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Once or twice a day, someone being booked into the Salt Lake County Jail is caught with contraband such as a weapon, handcuff key or balloon full of drugs.

But a new digital security system installed this week is expected to sharply reduce the number of banned items smuggled into the jail, as well as nearly eliminate strip searches, a benefit for both prisoners and staff, Sheriff Jim Winder said Wednesday.

"We know contraband is being introduced into our facility," Winder said at a news conference announcing the purchase of two SecurPASS whole body scanners. "We're well on our way to making this place safer."

To date this year, there have been approximately 500 incidents of contraband smuggling, including one involving an inmate with 25 balloons of heroin, he said.

The SecurPASS scanners produce a detailed image of lungs, bones and body cavities — but not facial features or private parts. The image also shows narcotics, weapons, sharp objects and other contraband inside clothing or body cavities.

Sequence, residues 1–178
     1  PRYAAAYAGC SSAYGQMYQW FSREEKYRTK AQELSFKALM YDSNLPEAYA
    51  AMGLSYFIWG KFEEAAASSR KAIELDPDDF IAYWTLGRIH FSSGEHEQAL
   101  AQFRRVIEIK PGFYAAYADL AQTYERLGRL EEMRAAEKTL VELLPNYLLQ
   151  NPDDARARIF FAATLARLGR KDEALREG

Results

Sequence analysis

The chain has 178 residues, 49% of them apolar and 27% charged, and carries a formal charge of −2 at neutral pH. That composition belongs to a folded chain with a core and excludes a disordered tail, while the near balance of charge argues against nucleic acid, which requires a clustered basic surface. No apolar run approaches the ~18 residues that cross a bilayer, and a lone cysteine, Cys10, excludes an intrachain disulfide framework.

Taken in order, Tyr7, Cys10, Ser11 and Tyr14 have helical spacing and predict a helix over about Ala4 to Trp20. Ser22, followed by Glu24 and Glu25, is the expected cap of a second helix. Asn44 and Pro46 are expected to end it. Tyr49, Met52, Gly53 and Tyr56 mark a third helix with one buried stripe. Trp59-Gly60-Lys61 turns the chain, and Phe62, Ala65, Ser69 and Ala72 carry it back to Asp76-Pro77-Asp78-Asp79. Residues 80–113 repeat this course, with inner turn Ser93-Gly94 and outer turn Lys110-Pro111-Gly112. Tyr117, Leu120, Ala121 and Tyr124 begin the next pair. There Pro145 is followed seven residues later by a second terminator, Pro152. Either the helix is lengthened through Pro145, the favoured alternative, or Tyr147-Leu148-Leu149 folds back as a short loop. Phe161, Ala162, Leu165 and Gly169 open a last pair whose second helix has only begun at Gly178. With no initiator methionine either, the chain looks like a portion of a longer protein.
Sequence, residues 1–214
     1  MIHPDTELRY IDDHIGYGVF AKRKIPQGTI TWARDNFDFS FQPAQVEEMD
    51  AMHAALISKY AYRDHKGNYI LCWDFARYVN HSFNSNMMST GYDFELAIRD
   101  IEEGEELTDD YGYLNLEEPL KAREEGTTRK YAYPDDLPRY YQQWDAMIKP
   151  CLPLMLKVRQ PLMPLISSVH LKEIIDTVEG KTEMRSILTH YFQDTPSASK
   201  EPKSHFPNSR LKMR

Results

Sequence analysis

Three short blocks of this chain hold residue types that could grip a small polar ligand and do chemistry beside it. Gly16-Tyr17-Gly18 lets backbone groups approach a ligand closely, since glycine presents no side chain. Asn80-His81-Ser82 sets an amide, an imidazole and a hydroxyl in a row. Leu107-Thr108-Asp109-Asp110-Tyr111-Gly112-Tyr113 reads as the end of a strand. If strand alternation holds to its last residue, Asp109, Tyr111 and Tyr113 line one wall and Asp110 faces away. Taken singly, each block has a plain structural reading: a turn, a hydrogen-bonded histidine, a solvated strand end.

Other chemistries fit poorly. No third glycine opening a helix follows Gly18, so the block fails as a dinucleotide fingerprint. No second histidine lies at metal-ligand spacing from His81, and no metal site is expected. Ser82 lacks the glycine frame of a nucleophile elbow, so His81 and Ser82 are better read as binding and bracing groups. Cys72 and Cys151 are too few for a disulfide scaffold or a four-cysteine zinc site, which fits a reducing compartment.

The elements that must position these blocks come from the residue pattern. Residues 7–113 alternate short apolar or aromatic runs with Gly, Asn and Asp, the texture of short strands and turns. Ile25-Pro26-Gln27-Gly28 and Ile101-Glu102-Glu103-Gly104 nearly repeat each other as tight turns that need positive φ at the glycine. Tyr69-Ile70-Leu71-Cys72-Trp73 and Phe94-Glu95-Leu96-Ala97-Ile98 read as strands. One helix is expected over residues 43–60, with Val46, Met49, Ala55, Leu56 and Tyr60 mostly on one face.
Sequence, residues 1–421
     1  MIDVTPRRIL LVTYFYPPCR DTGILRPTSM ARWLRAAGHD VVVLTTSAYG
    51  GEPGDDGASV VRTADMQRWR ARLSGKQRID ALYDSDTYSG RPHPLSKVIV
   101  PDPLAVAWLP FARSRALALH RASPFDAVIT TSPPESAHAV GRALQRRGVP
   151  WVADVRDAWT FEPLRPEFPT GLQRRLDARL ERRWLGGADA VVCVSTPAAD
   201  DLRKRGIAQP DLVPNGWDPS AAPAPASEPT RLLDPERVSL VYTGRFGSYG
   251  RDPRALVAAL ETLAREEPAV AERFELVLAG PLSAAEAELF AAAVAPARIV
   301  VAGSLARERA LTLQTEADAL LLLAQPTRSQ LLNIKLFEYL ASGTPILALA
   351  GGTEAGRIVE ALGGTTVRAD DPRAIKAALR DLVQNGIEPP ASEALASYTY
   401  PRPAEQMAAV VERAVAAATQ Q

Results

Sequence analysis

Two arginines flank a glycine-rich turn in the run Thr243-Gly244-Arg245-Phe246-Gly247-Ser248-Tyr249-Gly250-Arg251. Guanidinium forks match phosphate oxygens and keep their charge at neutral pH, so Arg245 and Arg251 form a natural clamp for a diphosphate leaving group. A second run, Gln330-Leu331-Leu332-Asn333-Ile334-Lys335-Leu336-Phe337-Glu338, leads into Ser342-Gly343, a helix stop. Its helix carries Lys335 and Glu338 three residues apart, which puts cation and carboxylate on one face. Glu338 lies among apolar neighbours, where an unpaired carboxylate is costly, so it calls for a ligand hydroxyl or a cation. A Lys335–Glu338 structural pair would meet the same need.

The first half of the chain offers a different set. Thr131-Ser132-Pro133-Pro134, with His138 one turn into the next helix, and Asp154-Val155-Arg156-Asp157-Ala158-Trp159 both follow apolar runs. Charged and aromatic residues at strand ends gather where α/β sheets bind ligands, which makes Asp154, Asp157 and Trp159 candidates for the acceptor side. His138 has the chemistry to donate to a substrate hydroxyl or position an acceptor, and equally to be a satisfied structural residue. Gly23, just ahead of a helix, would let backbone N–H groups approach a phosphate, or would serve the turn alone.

Under legal standards, people being booked into jail cannot be subjected to a strip search unless there is a reasonable suspicion that they have contraband, Winder said. About 10 percent of the 120 people processed a day are strip searched.

Now everyone being booked, as well as the several hundred inmates being taken to and from the jail each day to court hearings or other appointments, will be scanned, a process that takes eight seconds. Strip searches will be very rare and used only with pregnant women and people with pacemakers who need to be checked for contraband, Winder said.

"Eight seconds will not add significant time at all to our processing," the sheriff said, adding that the new process will be less intrusive to the inmates.

The two machines cost just under $300,000 and were bought with money from the jail's inmate services fund, which contains the profits from prisoner purchases at the commissary.

Winder said his office has worked with state agencies to ensure the system meets all health regulations. One chest X-ray is the equivalent to 400 SecurPASS scans, and under federal regulations, an individual can have 4,000 of the scans in one year, according to Virtual Imaging Inc., the system's manufacturer. The Florida-based company is a division of Canon U.S.A.

Twitter: @PamelaMansonSLC